Whether Lurline returned of her own free will or under threat of deportation, she arrived back at Kingston’s Palisadoes Airport (now the Norman Manley International Airport) on 2 May 1954. According to Constantia, her daughter again denied the accusations of infidelity and placated her husband with conjugal cordiality, or as The Daily Gleaner so quaintly put it,
The matter was settled in true matrimonial form.
But Hylton’s fevered jealousy was not so easily cured, and his suspicions, barely stored and locked away, were soon enough unpacked when he spotted the garden boy sneak a letter from Lurline to the nearby post box. Late on 5 May 1954 or the early hours of 6 May, he confronted his wife in a new rage, claiming in a bluff that he had seen the address on the envelope and knew it was to Francis. It was a deceit fathered by nagging, gnawing doubt.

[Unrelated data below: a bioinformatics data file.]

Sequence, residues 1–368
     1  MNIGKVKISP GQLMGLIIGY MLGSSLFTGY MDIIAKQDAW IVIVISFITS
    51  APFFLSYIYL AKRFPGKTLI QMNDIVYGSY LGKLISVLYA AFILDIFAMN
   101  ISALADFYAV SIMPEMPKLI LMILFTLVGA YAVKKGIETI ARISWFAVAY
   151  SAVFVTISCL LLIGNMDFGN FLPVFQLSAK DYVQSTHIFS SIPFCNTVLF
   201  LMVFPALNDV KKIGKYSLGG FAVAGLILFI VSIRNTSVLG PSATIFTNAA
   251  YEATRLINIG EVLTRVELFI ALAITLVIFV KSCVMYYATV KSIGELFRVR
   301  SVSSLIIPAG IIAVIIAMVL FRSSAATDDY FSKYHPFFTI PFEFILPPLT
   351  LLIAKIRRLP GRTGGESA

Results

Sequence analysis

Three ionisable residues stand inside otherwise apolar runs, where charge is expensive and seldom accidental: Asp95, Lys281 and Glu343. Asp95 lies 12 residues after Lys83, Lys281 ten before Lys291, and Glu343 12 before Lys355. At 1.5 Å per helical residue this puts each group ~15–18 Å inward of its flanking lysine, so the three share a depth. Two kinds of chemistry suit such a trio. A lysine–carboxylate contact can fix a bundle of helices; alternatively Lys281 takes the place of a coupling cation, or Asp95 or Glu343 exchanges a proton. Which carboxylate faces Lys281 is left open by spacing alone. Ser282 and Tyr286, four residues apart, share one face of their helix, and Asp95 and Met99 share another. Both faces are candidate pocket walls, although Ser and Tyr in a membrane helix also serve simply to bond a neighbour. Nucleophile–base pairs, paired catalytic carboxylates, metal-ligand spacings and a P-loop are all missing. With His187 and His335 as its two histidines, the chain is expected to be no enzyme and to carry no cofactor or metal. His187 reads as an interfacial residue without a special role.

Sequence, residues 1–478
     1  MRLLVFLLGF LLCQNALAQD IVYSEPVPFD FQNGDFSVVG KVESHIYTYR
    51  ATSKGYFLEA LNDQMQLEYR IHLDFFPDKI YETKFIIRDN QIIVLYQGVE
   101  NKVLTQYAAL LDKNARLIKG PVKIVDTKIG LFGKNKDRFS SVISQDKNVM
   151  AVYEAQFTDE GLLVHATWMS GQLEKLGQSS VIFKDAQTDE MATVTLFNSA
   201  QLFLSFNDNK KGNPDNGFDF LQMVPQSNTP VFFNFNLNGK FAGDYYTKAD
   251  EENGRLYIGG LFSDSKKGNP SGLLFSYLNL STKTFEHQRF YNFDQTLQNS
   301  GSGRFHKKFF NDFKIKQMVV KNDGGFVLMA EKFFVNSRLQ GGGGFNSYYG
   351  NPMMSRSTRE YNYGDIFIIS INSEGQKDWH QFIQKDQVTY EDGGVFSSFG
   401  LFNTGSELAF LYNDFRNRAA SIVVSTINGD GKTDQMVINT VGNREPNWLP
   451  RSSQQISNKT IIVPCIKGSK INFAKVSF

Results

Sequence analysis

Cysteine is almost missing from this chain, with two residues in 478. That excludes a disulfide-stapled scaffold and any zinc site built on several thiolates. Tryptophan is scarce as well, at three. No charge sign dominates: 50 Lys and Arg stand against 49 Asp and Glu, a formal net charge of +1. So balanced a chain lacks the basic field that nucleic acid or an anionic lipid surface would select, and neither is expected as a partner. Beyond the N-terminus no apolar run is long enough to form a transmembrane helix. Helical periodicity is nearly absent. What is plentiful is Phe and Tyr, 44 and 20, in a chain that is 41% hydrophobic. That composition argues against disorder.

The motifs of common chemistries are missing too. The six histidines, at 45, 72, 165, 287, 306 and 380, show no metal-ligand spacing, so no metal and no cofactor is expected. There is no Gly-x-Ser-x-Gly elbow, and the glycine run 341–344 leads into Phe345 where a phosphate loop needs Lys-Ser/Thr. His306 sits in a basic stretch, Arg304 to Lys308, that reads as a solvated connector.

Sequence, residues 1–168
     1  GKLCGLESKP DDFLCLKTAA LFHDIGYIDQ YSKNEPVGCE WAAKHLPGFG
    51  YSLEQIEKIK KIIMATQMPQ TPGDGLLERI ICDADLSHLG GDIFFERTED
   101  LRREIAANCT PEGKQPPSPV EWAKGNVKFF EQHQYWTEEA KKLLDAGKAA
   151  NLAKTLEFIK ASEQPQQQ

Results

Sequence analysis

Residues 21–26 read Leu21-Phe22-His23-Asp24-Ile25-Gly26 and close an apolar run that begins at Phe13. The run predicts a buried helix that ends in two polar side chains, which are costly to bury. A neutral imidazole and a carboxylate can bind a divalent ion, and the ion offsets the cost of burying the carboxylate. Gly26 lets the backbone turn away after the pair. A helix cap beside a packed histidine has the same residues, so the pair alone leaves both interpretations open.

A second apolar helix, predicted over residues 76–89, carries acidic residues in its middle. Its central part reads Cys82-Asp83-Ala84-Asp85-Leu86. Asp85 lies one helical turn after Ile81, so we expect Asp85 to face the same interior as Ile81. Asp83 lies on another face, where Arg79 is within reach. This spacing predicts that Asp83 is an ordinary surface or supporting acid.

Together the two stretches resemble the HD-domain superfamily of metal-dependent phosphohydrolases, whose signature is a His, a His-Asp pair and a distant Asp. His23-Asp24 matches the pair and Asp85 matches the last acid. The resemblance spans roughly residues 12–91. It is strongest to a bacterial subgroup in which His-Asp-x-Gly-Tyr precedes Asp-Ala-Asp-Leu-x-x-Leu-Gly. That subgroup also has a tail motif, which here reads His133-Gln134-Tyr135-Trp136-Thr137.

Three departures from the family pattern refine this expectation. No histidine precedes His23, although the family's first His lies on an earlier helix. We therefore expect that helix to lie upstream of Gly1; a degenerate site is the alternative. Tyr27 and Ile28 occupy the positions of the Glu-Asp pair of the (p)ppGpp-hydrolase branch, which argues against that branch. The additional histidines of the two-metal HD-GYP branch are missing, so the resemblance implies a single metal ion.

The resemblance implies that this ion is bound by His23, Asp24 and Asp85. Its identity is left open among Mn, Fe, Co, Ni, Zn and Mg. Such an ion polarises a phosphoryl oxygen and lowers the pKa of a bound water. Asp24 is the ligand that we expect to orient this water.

When police later rescued the letter from the post office, it did turn out to be a billet-doux to Francis. It was a long, angst-ridden letter jumping to and fro from mundane, practical matters to neurotic questions that touched on Francis’s dubious character. She gushed declarations of love for him and betrayed her feelings towards her husband in barbed, hate-ridden dismissals –
Can you imagine me trying to stand another’s affection? It gives me a feeling like I’d want to vomit … I’m going to force my man’s hand as soon as I think I can and I feel my mom is behind me.